Some US airlines will start operating full flights
Even though COVID-19 case numbers continue to rise in the United States, American Airlines and United Airlines have said they will now operate flights without any blocked-off seats.
Since April, American Airlines had limited its flights slightly to 85% capacity, and United also said then that middle seats were blocked, though viral tweets have shown that wasn’t always the case. After backlash, United implemented a policy of notifying passengers 24 hours in advance if their flight was likely to be full, offering customers the option to rebook a different flight with no change fees or receive a travel credit.
Health officials, including Anthony Fauci, the country’s leading expert on infectious diseases, criticized the move. “When they announced that the other day, obviously there was substantial disappointment with American Airlines,” Robert Redfield, director of the Centers for Disease Control and Prevention, told a Congressional committee. “We don’t think it’s the right message.”
In contrast, Delta Air Lines and Southwest have vowed to continue capacity caps on flights and blocking middle seats until at least the end of September. Alaska Airlines will keep the middle seat free until the end of July.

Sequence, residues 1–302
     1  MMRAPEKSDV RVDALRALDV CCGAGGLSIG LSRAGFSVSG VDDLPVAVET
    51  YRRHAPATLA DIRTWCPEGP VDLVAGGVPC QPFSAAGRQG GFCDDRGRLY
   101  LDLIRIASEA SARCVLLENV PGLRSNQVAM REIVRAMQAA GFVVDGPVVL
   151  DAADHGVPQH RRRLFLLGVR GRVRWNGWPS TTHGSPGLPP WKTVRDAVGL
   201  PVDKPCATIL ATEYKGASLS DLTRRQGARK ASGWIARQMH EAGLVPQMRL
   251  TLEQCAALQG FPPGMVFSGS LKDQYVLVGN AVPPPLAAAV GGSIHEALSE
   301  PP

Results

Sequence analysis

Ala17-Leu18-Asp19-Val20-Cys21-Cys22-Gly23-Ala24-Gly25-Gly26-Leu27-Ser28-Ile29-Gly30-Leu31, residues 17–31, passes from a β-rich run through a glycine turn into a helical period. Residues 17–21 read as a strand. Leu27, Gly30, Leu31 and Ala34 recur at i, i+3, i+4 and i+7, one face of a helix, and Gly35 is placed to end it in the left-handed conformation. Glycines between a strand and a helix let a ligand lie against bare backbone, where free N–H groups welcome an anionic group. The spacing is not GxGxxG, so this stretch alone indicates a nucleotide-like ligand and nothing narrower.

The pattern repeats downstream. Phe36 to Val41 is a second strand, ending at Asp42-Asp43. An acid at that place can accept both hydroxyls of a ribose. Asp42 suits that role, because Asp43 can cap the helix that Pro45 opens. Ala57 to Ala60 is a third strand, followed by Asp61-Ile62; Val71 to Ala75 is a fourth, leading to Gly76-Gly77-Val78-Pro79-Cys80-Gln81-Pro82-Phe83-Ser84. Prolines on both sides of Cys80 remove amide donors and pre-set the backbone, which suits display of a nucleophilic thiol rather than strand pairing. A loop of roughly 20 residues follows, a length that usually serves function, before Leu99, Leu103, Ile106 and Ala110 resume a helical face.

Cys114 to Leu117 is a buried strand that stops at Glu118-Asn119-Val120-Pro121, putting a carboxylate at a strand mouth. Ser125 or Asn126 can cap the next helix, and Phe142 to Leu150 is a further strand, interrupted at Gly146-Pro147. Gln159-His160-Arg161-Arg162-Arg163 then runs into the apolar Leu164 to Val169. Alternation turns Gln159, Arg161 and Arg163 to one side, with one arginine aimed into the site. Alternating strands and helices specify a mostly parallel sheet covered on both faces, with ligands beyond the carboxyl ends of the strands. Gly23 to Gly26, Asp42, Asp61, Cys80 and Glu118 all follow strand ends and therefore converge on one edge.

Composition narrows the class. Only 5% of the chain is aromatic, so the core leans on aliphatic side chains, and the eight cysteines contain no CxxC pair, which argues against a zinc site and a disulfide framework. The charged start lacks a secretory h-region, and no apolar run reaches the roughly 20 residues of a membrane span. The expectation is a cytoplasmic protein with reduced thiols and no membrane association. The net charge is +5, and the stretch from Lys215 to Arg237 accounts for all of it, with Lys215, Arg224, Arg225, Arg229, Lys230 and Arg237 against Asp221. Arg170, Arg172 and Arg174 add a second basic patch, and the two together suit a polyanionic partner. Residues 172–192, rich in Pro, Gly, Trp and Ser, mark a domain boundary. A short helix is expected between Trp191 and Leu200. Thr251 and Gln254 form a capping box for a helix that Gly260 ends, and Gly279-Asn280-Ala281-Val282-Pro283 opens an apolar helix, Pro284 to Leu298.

American and United are now fully enforcing their mask-wearing policies and will remove and ban passengers from flights who don’t comply. United is also requiring travelers to submit health information as part of the check-in process.
The news comes as United also announced that it’s adding almost 25,000 domestic and international flights to its schedule in August, which is about 40% of its usual numbers. Resumed routes include flights to China, French Polynesia and Europe, even though Americans are currently banned from entering the European Union.